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Recap. Curse of dimension Data tends to fall into the “rind” of space Variance gets larger (uniform cube) : Data falls further apart from each other (uniform cube ) : Statistics becomes unreliable, difficult to build histograms, etc.  use simple models. Recap. Multivariate Gaussian

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recap
Recap
  • Curse of dimension
    • Data tends to fall into the “rind” of space
    • Variance gets larger (uniform cube):
    • Data falls further apart from each other (uniform cube):
    • Statistics becomes unreliable, difficult to build histograms, etc.  use simple models
recap1
Recap
  • Multivariate Gaussian
    • By translation and rotation, it turns into multiplication of normal distributions
    • MLE of mean:
    • MLE of covariance:
be cautious
Be cautious..

Data may not be in one blob, need to separate data into groups

Clustering

cs 498 probability statistics

CS 498 Probability & Statistics

Clustering methods

Zicheng Liao

what is clustering
What is clustering?
  • “Grouping”
    • A fundamental part in signal processing
  • “Unsupervised classification”
  • Assign the same label to data points that are close to each other

Why?

two types of clustering methods
Two (types of) clustering methods
  • Agglomerative/Divisive clustering
  • K-means
agglomerative divisive clustering
Agglomerative/Divisive clustering

Agglomerative

clustering

Divisive clustering

Hierarchical

cluster tree

(Bottom up)

(Top down)

agglomerative clustering an example
Agglomerative clustering: an example
  • “merge clusters bottom up to form a hierarchical cluster tree”

Animation from Georg Berber

www.mit.edu/~georg/papers/lecture6.ppt

dendrogram
Dendrogram

Distance

>> X = rand(6, 2); %create 6 points on a plane

>> Z = linkage(X); %Z encodes a tree of hierarchical clusters

>> dendrogram(Z); %visualize Z as a dendrograph

distance measure
Distance measure
  • Popular choices:Euclidean, hamming, correlation, cosine,…
  • A metric
    • (triangle inequality)
  • Critical to clustering performance
  • No single answer, depends on the data and the goal
  • Data whitening when we know little about the data
inter cluster distance
Inter-cluster distance
  • Treat each data point as a single cluster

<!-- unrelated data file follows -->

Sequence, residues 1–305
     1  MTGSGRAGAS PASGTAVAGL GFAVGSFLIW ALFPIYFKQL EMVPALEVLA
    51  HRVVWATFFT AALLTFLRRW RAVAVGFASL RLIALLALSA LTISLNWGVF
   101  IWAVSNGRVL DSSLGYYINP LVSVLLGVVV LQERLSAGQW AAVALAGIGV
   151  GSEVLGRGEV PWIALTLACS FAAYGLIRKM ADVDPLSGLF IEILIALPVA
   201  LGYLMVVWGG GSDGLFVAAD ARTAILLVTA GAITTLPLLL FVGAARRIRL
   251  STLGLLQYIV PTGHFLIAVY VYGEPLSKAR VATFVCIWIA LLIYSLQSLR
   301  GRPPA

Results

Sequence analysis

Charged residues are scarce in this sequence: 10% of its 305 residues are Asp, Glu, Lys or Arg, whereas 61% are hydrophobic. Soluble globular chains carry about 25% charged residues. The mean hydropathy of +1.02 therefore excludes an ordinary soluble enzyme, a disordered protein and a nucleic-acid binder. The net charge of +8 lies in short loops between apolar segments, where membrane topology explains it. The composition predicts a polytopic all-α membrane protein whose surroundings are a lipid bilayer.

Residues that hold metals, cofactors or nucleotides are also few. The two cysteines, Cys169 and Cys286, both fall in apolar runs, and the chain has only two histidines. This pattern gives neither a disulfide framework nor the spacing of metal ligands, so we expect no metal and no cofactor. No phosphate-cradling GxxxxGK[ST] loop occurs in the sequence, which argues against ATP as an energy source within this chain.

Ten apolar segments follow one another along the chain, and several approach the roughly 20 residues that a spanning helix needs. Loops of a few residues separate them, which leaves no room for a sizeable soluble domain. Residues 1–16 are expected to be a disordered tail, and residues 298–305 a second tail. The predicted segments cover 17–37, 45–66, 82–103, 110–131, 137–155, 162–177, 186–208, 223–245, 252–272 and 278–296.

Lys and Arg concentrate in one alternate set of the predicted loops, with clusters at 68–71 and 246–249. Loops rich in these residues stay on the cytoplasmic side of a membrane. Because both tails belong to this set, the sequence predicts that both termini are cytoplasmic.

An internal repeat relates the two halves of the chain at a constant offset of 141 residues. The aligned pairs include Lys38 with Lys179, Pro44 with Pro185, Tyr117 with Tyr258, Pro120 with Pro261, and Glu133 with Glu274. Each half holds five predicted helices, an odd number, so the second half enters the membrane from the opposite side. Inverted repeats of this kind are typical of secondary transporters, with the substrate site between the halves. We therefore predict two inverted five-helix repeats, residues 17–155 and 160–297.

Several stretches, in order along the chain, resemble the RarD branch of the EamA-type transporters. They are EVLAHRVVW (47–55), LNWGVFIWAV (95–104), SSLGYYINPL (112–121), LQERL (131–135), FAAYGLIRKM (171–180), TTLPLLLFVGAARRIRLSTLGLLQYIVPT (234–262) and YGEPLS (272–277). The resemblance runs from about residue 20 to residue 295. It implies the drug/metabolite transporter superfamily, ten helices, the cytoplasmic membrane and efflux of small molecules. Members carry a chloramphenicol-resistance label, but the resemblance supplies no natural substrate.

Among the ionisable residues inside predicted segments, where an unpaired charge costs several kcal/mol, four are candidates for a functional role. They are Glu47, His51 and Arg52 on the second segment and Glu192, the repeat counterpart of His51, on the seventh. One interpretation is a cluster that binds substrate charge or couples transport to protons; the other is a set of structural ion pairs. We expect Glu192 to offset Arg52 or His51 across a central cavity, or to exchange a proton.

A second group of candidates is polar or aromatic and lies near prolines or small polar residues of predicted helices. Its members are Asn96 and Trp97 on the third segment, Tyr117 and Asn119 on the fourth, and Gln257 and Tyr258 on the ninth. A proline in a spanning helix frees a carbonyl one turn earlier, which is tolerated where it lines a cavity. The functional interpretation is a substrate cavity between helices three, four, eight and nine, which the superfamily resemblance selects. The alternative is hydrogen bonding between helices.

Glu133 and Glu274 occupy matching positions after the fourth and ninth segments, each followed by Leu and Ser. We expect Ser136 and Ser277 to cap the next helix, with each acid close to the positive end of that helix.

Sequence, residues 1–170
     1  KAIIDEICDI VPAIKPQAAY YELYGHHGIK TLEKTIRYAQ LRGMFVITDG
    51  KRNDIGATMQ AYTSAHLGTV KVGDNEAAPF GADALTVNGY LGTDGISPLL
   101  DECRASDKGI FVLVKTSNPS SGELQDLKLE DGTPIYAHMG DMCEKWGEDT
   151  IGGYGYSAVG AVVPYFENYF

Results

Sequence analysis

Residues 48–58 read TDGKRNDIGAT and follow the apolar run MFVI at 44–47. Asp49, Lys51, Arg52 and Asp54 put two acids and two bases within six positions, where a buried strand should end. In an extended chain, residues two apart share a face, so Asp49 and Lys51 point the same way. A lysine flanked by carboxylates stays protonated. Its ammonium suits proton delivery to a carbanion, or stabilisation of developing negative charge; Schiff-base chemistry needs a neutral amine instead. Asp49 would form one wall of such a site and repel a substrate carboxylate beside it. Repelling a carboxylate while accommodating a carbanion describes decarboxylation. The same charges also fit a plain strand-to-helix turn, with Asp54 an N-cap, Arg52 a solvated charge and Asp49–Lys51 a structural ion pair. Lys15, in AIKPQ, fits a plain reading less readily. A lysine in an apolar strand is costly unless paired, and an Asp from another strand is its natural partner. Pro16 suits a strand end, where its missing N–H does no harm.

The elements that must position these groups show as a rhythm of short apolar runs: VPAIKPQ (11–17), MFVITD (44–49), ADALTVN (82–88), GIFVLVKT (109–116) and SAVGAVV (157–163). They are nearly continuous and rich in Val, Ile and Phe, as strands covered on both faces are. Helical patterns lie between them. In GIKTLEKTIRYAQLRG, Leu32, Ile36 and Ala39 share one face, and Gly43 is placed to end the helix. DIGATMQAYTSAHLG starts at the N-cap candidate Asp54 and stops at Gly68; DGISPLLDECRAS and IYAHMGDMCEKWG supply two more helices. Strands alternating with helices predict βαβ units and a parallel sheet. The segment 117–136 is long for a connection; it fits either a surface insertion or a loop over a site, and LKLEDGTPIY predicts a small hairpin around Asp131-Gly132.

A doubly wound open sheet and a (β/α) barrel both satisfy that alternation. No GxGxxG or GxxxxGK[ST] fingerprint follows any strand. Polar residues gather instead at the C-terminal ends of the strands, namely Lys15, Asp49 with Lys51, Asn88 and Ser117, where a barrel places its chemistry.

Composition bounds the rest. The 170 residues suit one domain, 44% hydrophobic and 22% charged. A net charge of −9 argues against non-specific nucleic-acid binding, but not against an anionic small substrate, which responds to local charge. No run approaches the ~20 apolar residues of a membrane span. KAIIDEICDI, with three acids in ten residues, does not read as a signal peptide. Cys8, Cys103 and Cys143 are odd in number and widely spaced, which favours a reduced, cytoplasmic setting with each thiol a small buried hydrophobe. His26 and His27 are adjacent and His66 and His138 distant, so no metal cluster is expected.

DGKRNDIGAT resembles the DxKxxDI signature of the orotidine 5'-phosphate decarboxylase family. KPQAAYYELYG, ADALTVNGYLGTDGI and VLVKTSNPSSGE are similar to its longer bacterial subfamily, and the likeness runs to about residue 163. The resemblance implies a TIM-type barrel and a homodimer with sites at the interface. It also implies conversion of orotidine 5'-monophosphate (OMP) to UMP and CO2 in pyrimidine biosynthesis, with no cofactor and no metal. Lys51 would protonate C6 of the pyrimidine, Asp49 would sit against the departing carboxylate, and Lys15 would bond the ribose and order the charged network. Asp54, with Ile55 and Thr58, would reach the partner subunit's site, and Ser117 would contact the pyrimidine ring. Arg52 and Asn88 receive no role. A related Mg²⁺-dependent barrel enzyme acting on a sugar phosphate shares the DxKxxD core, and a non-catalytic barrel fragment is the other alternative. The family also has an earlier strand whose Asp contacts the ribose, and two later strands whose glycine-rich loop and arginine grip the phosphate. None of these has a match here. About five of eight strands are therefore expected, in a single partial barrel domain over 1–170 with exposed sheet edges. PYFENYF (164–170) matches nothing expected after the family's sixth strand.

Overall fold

• Only need to define inter-cluster distance
    • Distance between one set of points and another set of points
  • 3 popular inter-cluster distances
    • Single-link
    • Complete-link
    • Averaged-link
single link
Single-link
  • Minimum of all pairwise distances between points from two clusters
  • Tend to produce long, loose clusters
complete link
Complete-link
  • Maximum of all pairwise distances between points from two clusters
  • Tend to produce tight clusters
averaged link
Averaged-link
  • Average of all pairwise distances between points from two clusters
how many clusters are there
How many clusters are there?
  • Intrinsically hard to know
  • The dendrogram gives insights to it
  • Choose a threshold to split the dendrogram into clusters

Distance

an example
An example

do_agglomerative.m

divisive clustering
Divisive clustering
  • “recursively split a cluster into smaller clusters”
  • It’s hard to choose where to split: combinatorial problem
  • Can be easier when data has a special structure (pixel grid)
k means
K-means
  • Partition data into clusters such that:
    • Clusters are tight (distance to cluster center is small)
    • Every data point is closer to its own cluster center than to all other cluster centers (Voronoi diagram)

[figures excerpted from Wikipedia]

formulation
Formulation
  • Find K clusters that minimize:
  • Two parameters:
  • NP-hard for global optimal solution
  • Iterative procedure (local minimum)

Cluster center

k means algorithm
K-means algorithm
  • Choose cluster number K
  • Initialize cluster center
    • Randomly select K data points as cluster centers
    • Randomly assign data to clusters, compute the cluster center
  • Iterate:
    • Assign each point to the closest cluster center
    • Update cluster centers (take the mean of data in each cluster)
  • Stop when the assignment doesn’t change
illustration
Illustration

Randomly initialize 3

cluster centers (circles)

Assign each point to the

closest cluster center

Update cluster center

Re-iterate step2

[figures excerpted from Wikipedia]

example
Example

do_Kmeans.m

(show step-by-step updates and effects of cluster number)